After decades of institutionalized racism under apartheid, South Africa's Truth & Reconciliation Commission helped a divided nation watch, weep, reflect & come together — even if imperfectly. What is its legacy now, two decades later? How much of the hope South Africans had for what their future might be together has been borne out? Host Mary Kay Magistad visited South Africa to see how South Africans from different communities feel about what difference the TRC has, and hasn't, made in their lives.
Memory can be slippery, especially when there's incentive to forget, or misremember. In the Polish village of Jedwabne, residents long said Nazis were responsible for the massacre, one hot day in July 1941, of hundreds of Jews in the village. Then evidence emerged that the villagers of Jedwabne had killed their own neighbors.
Get a good education, and the world's your oyster, right? Not necessarily, if you're a woman in Jordan. While Jordan has one of the highest female literacy rates in the Middle East, and there are more women in college there than men, gender discrimination still abounds in the workplace. This is not just costing women, it's costing Jordan — half to almost a full percentage point of GDP growth each year, says the Brookings Institution. What's at play here? Jordanian lawyer and human rights activist Asma Khader shares her thoughts with The World's Shirin Jaafari.
Women around the world face varying degrees of gender discrimination in the workplace — whether they're hired, how much they're paid, whether they advance as fast as men doing the same job. In Jordan, where girls and women generally do better than their male counterparts in school, and where more women than men attend college, startlingly few women participate in the workforce. Why? Asma Khader, a Jordanian lawyer, women's rights activist and former government official, weighs in, in conversation with The World's Shirin Jaafari.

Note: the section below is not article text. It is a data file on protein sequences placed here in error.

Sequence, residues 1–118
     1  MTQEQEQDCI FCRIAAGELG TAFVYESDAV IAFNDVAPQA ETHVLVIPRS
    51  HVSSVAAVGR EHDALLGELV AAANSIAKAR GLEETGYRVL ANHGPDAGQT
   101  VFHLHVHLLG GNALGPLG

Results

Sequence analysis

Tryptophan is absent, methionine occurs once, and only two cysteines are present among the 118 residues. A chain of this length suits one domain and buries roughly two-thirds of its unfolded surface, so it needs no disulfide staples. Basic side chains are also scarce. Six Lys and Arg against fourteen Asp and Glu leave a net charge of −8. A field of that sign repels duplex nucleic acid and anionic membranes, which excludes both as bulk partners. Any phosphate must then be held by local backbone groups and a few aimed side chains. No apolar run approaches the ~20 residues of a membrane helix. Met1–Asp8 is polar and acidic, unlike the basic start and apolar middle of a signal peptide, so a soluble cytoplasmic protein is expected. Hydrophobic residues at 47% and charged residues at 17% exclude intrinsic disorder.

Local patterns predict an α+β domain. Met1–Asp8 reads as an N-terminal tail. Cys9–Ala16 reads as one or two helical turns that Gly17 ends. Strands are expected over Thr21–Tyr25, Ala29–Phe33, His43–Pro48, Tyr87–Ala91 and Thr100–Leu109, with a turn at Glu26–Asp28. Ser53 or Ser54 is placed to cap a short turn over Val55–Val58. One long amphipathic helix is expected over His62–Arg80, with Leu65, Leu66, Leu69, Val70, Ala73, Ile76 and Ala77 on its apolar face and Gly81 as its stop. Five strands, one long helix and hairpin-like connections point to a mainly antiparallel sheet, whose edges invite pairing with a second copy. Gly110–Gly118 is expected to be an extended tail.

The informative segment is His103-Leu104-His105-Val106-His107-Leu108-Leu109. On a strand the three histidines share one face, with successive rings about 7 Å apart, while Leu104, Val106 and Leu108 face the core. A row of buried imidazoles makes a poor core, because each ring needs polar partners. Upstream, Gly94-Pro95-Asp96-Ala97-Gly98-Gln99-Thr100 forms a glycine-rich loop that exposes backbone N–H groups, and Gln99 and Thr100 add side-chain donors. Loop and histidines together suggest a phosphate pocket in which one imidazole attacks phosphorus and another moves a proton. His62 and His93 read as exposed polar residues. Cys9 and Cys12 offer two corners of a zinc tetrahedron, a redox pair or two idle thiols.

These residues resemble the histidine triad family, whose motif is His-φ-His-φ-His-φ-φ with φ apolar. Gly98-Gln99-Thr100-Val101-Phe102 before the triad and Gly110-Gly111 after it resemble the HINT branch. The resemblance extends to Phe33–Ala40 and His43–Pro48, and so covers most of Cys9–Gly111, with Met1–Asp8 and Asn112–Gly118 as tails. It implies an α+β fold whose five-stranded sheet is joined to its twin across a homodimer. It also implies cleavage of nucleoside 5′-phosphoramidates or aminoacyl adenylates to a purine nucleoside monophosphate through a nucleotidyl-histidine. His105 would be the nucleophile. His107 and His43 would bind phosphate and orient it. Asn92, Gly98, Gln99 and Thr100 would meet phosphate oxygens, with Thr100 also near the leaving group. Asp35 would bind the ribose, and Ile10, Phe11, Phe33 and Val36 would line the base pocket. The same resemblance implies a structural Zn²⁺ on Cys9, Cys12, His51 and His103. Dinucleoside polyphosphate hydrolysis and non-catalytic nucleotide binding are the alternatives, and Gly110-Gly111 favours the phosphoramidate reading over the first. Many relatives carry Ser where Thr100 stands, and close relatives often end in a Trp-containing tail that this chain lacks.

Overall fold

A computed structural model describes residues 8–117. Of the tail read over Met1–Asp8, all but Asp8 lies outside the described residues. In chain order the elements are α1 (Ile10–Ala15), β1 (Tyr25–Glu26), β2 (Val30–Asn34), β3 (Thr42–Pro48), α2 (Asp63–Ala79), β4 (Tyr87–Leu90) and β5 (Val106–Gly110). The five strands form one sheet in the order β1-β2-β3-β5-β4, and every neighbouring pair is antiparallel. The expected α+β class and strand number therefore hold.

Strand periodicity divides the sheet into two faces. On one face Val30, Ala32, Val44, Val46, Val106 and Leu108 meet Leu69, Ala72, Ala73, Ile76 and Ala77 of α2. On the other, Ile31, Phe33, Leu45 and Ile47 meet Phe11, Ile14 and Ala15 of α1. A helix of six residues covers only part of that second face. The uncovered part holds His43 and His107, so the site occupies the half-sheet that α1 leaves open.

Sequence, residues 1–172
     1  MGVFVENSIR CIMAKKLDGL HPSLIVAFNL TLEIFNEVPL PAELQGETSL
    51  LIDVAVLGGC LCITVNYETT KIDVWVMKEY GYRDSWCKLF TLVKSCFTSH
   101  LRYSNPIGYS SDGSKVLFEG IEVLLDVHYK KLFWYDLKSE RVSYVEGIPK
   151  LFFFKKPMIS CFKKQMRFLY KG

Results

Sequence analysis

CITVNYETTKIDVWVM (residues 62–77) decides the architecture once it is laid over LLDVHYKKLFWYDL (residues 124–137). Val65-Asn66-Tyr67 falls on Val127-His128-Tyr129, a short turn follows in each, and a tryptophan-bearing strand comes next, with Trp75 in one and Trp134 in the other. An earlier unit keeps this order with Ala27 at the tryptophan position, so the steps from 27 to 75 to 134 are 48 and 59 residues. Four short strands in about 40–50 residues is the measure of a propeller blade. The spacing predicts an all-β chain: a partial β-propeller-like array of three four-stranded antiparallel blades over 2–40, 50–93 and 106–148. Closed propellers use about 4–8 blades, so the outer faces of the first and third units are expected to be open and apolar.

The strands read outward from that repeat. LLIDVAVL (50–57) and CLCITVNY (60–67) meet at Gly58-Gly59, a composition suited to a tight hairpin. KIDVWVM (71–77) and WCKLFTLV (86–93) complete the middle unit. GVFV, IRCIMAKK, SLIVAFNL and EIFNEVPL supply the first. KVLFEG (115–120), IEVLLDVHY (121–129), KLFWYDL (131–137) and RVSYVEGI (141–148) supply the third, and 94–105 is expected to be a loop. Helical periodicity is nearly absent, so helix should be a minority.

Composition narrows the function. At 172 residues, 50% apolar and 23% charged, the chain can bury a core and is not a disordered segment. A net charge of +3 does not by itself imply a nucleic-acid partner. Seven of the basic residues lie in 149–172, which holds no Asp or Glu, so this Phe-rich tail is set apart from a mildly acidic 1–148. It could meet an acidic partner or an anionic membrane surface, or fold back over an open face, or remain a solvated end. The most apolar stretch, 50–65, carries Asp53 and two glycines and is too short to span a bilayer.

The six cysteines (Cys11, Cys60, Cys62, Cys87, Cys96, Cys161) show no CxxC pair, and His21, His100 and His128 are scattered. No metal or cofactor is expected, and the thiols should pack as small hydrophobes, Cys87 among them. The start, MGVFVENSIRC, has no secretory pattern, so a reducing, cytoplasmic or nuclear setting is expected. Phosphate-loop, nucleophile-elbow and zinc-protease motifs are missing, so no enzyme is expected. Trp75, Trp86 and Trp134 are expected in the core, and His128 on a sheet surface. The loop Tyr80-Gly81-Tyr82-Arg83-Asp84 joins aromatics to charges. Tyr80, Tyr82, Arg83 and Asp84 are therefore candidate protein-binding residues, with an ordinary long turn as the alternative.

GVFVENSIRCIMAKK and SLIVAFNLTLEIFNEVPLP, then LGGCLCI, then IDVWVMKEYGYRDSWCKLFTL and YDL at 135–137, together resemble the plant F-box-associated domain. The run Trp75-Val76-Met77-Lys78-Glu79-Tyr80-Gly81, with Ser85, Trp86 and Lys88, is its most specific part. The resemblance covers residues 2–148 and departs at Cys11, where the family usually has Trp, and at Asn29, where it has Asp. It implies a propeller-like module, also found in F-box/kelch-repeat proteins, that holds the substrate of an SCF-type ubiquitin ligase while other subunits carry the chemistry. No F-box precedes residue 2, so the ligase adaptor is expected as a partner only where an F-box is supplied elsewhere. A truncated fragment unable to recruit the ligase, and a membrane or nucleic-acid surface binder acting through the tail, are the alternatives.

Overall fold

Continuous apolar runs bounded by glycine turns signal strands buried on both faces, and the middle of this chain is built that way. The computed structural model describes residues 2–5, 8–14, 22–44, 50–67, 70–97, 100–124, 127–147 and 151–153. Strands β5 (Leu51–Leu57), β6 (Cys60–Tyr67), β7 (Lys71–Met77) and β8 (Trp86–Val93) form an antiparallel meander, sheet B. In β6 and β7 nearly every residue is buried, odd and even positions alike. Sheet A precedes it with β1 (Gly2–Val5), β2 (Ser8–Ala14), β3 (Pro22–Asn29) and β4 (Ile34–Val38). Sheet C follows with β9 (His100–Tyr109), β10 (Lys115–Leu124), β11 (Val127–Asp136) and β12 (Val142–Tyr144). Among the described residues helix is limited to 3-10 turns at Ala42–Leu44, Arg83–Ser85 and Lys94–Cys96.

Drones have only been around for a couple of decades, but already, they're reshaping the contours of conflict and raising ethical quandaries. President Barack Obama launched more than 500 drone strikes during his tenure, 10 times more than President George W. Bush. But Obama's drones strikes killed far fewer civilians than did Bush's intervention in Iraq. Still, how much should drones and robotics be used in conflict, and when, and what unintended consequences might this unleash? Peter Singer, Strategist at the New America Foundation and author of "Wired for War: The Robotics Revolution and Conflict in the 21st Century" talks with The World's Jeb Sharp.
Drones and robotics, and their potential uses, are advancing faster than policy and the human moral compass can easily keep up. How and when best to use these technologies in conflict and law enforcement, for strategic gain and to minimize loss of life? What crosses the line? Peter Singer, New America Foundation strategist and author of "Wired for War," weighs in.
America's global leadership over the past century hasn't always been perfect, but it's usually been respected. That may be changing under President Trump. But the new US president's words and actions are also mobilizing those who have a different idea of what makes America great, and who don't want to see it disappear.